Nationally and locally, issues of race quite literally afflict our body politic.
At home here on our idyllic Central Coast, many white folks—who make up 71 percent of our community—can see racism, whether it comes in the form of frat boys putting on blackface, or, not that many years ago, Cal Poly students hanging a noose on campus. Just days ago, a local man was arrested for threatening to shoot minorities moving into his neighborhood. Police found handguns, rifles, and thousands of rounds of ammunition in his home.
While these seem to be infamous but isolated incidents, sometimes we may hear a friend or co-worker utter intentionally or unintentionally disparaging comments about people of color. Worse, we may fear the explosive harm that some racist fanatic may perpetrate on our own neighbors of color.
That's why we're often reminded of the guilt we share over slavery and the effects of structural inequality.
With these realities in mind, I recently attended a workshop sponsored by RACE Matters SLO County on "Preparing to Put in the Work: Intersectionality in Action." The purpose of the event was to initiate a community-based conversation on how to build a "beloved" community that is welcoming and incorporates inclusivity and racial justice.
I learned how transgenerational trauma, sometimes called "intergenerational suffering," magnifies the violence done by racism on both the minds and bodies of people of color. In fact, I learned a new word: epigenetics, which is the science of how traumatic events affect us at a molecular level, altering genes that are passed from one generation to the next.
In other words, black Americans carry the trauma of slavery in their genes to this day.
This concept nearly undid me. With a little research, I found recent studies on epigenetics, transgenerational trauma, and post-traumatic slave syndrome, which widened my understanding of the lasting effects of systemic racism, starting with slavery and followed by lynching, Jim Crow laws, segregation, mass incarceration, and discrimination in housing, education, and employment.
Black Americans inherit the kind of hurt that invades their lives, imputing multigenerational maladaptive behaviors that can negatively affect an individual's productivity and ability to succeed.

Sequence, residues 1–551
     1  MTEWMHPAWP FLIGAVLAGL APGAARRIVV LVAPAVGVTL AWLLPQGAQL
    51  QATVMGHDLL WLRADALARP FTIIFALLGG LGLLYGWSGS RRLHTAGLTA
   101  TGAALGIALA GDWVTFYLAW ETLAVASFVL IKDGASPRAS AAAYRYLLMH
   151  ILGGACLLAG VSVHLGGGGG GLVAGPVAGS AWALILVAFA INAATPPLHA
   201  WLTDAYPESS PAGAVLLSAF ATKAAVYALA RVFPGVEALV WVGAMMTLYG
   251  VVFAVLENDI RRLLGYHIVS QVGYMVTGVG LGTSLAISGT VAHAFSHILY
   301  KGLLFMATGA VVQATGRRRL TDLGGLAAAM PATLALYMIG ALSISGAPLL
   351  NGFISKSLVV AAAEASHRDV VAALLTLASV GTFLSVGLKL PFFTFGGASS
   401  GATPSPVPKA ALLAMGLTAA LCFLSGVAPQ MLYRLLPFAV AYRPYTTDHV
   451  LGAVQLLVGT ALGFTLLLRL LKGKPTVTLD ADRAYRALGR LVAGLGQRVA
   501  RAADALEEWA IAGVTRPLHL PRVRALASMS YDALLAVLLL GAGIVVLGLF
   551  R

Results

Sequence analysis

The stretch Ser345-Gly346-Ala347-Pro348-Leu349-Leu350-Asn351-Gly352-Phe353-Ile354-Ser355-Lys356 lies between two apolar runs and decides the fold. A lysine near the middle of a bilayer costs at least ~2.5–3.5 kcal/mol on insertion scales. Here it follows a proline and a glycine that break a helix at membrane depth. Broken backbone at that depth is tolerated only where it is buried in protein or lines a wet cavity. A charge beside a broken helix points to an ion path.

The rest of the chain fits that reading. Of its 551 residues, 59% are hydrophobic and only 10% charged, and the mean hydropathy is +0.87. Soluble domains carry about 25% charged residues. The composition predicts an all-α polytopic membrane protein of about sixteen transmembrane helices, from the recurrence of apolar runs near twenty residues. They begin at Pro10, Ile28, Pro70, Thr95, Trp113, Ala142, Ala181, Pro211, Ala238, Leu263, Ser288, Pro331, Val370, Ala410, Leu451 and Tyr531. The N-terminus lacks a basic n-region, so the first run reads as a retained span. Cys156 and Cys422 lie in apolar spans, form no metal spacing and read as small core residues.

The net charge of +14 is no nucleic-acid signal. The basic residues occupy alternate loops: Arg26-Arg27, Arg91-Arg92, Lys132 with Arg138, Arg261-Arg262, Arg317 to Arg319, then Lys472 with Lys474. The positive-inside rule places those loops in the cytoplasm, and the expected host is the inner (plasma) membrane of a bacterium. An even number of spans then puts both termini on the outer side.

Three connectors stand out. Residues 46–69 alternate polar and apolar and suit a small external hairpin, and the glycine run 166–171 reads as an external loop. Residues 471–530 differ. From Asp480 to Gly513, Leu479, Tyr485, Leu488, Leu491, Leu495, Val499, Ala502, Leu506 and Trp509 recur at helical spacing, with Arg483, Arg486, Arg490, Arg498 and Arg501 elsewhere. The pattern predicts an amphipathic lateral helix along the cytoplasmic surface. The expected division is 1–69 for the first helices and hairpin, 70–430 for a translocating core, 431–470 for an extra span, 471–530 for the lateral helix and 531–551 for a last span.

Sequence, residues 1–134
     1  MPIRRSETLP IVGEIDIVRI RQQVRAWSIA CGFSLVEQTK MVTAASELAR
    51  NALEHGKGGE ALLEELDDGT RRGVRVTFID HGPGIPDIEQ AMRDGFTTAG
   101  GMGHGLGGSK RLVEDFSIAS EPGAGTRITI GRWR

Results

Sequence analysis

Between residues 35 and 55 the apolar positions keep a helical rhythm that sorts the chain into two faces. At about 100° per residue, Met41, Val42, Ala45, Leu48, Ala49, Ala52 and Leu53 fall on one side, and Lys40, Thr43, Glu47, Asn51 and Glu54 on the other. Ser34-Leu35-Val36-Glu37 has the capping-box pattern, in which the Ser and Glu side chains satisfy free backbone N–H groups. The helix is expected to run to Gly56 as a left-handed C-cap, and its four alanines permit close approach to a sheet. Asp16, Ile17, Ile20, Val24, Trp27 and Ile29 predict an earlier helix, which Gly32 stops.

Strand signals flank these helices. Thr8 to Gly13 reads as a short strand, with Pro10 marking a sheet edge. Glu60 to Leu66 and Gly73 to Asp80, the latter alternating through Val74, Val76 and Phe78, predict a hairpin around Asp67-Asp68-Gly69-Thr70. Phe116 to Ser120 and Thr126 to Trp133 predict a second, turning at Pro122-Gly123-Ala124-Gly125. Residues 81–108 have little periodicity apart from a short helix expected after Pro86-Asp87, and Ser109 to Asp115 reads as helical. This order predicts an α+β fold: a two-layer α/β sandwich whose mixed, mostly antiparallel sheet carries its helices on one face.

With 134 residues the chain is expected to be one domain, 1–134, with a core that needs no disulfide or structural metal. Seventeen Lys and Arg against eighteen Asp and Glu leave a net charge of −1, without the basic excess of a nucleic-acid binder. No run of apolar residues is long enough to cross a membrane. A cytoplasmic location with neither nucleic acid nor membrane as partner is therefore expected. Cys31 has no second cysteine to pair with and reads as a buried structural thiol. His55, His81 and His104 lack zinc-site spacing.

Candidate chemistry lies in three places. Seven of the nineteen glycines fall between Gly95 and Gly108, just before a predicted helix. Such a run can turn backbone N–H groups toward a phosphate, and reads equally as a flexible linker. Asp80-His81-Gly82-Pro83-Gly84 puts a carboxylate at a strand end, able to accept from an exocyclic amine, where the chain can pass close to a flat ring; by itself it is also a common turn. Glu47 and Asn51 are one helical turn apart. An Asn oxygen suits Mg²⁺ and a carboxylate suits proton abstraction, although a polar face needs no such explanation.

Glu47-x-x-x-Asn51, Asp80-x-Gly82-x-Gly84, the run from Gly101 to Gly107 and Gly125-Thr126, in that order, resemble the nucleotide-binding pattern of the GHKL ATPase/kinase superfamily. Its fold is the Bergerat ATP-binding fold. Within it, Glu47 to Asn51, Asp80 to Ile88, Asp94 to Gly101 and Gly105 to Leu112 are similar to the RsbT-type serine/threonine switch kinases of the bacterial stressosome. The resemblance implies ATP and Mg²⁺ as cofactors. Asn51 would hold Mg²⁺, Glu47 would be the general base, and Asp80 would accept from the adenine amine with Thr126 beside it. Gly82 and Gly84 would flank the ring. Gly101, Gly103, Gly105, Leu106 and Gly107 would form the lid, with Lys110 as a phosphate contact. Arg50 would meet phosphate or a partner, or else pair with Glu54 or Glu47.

Transgenerational trauma can be triggered by a relatively small event, a recurring aggression, or the reporting of news that reflects racism and oppression. Leola Dublin Macmillan, a cultural scholar and co-presenter of the intersectionality workshop, recounted a trigger incident in which she was stopped by the police near Cal Poly for what we've come to call "driving while black." If she goes out for a walk in our town, she has to remember to carry identification in case she draws attention for being out of place and therefore suspicious. If you're white, do you worry about carrying an ID for such purposes? I doubt it. If you're black, reactions to your skin color likely trigger ancestral trauma and PTSD-related symptoms going back centuries.
Transgenerational trauma isn't solely the experience of black Americans, of course. In one study, children and grandchildren of Holocaust survivors were reportedly overrepresented by 300 percent among referrals to a Canadian psychiatry clinic. Descendants of students at American Indian boarding schools, who were removed from their families, also exhibit the signs of transgenerational trauma.
Look at the very recent news and ask yourself: What can we conclude will be the lasting, multigenerational effects of separating children as young as 4 months from their parents at the U.S. border and detaining them in appalling conditions?
What can you do about this and other ugly situations? On a governmental level, you can call your representatives, including state Assemblyman Jordan Cunningham, state Sen. Bill Monning, Congressman Salud Carbajal, and Sens. Dianne Feinstein and Kamala Harris. (You can find contact information for all our local representatives at slochamber.org/our-community/elected%20representatives).
What else can be done about the transgenerational trauma and socio-economic repercussions stemming from slavery? There are large and small steps we can take, none of which are merely symbolic. Gov. Gavin Newsom, for instance, signed the first bill in the nation that outlaws racial discrimination based on hairstyle. No longer can California employers or schools ban Afros, braids, cornrows, and dreadlocks.
Before we vote, we should investigate candidates' records on civil rights and consider their plans for social and racial justice. Elizabeth Warren and Kamala Harris have both introduced major proposals to address racial disparities. Harris' $100 billion investment plan would reduce the racial gap in homeownership.
On a personal level, we can help mend transgenerational trauma through simple acts of kindness, civility, and recognition. If someone you know says something racially offensive, don't harden their misconceptions by scolding them. Take them aside and ask if they've thought through the implications of their words.
And when you meet a person of color on our streets or walking the trail on Cerro San Luis, raise your eyes to theirs, smile, and say, "Hello." You'll breathe easy, and so, most likely, will they. Δ
Amy Hewes is actively involved in grassroots political action. Send comments through the editor at firstname.lastname@example.org.
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